My analysis of Disney’s mega-blockbuster *Frozen* proved difficult. While I acknowledge its overwhelming success, I attribute that to more song and relationships than I do the actual story itself.2 The Overall Story lacks any real Consequence and the hand-off of Influence Character from Kristoff to Elsa feels abrupt and ill-timed. Knowing too that the final result was more a culmination of ten years of collaboration and capitulation rather than the singular vision of a driven artist, I was skeptical that any storyform could be found.
Imagine my surprise when—after selecting the story points I believed were reasonably close—Dramatica told me that Anna’s Critcal Flaw should be Attraction.3
A computer program told me that.
What is a Critical Flaw in Dramatica terms? In short, this means that the only thing keeping Anya from solving the story’s problem is an over abundance of attraction…sound familiar? Of course—her attraction to Prince Hans. How perfect Is that?!
Dramatica can do this because it understands story. Like the predictive text in the new version of iOS8, Dramatica can predict where a story should go based on what has already happened. With all of the other thematics—the “frozen” situation everyone was in, Anna’s eventual Steadfastness and a Story Driver of Action (among many other things)—Anna’s Critical Flaw had to be Attraction. The filmmakers came to it serendipitously because they all have minds that solve problems the same way. Instinctively, Attraction fit best. How long it took the filmmakers to arrive there is another thing.
I’ve glimpsed this invocation of wonder countless times. When analyzing Dreamworks’ How to Train Your Dragon I knew that Stoic’s problem, and the problem facing everyone, was a refusal to accept dragons and weakling sons. What blew me away was when I went to check out the nature of Hiccup’s drive and saw that Dramatica says it should be Protection. That described the meekly Viking wonderfully! In order to combat issues of acceptance, a defensive posture must be taken. That’s what the story was about: Stand up and protect and things will work out.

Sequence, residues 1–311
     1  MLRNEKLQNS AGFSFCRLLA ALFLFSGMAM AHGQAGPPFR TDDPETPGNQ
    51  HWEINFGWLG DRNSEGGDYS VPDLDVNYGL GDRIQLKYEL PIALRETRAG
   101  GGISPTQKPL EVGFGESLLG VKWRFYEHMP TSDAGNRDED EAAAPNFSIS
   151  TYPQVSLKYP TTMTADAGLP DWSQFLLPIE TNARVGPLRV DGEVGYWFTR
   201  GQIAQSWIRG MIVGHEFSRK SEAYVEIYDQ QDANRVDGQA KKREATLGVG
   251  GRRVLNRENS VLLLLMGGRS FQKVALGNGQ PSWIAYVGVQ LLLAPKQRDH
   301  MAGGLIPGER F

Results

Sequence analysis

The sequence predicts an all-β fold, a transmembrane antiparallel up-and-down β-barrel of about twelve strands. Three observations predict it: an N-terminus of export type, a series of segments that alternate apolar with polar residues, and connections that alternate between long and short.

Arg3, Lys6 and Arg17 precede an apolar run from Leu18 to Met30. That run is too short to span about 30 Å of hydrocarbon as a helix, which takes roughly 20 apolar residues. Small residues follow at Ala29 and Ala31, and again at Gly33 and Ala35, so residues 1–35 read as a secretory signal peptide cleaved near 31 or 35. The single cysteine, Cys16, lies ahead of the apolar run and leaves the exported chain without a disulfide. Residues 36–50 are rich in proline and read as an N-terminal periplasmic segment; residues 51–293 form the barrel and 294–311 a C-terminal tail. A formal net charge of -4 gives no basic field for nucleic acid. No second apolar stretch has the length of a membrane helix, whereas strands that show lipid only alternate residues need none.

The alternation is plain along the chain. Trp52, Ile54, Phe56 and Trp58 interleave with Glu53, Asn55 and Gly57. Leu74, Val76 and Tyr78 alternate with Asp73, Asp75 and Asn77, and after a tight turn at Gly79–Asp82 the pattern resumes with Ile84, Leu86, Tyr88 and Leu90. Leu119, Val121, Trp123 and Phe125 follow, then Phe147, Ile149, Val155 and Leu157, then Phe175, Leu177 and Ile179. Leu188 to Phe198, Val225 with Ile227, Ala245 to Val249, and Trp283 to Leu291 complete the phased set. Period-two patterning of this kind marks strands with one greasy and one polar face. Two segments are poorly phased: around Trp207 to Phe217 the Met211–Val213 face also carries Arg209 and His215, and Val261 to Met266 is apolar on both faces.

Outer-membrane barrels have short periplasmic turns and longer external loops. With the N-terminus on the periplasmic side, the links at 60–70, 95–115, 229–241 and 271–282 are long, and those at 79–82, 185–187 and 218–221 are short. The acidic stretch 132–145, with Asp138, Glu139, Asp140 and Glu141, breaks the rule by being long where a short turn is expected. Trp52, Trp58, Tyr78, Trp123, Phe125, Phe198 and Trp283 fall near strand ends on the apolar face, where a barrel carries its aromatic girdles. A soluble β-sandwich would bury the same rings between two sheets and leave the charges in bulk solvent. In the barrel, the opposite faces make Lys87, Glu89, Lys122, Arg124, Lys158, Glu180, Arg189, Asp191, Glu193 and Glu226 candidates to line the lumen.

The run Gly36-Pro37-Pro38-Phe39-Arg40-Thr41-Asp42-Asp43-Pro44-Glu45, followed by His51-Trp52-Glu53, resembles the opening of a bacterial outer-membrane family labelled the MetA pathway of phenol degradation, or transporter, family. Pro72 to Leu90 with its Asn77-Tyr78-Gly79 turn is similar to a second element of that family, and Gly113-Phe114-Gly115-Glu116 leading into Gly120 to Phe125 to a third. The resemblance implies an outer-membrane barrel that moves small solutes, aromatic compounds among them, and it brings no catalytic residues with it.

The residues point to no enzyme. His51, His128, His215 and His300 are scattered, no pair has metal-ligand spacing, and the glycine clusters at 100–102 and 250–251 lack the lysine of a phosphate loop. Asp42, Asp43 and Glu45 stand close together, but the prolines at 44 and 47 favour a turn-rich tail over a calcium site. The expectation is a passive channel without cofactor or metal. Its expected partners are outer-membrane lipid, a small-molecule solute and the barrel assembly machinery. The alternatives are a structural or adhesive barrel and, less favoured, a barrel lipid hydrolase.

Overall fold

An analysis of A Separation provided the same experience. As documented in the series “A Deep Analysis of A Separation” the selection of the Main Character’s Problem allowed Dramatica to work it’s sleight-of-hand and determine what everyone else in the story would be dealing with:
By selecting Cause as Nader’s Main Character Problem, Dramatica took the initiative and calculated the rest of the thematic material needed to tell a compelling story. Yes, thats right. The power of Dramatica, and its unique ability over any other paradigm of story, lies in its ability to take the parts of your story you know and provide with the bits you haven’t even thought of yet.
How can a computer program predict the necessary thematic elements of a story? Rather than relying on subjective interpretations of cultural narrative or sequences of beats that bring to mind visions of the Virgin Mary in tortilla chips, Dramatica stakes its claim on the human mind itself. We all instinctively know how to problem-solve. Why not use that process to determine the effectiveness of our stories?
Watching Dramatica predict and illuminate narrative reminds me of my first magic show. Poised on bended knees, I watched in awe as the magician seemingly made things appear out of thin air. I knew it couldn’t be real; magic is make-believe. Yet I still found myself drawn in, caught up in the delight of the experience, and anticipating the surprise and wonder of making something out of nothing.
Two decades since it’s first introduction, the Dramatica theory of story continues to amaze by finding just the right piece for just the right spot. Its extraordinary powers of perception elevate it beyond a simple outliner and make one wonder, like a mind undeterred by cynicism and ego, *perhaps there is real magic after all. **
Most animated films feature a parent/child relationship or some other form of. Other times they depict a love story. Frozen surprises all with its concentration on the relationship between sisters—something rarely seen in live-action if ever animated. This uniqueness breathes an air of freshness into an otherwise stale medium. ↩︎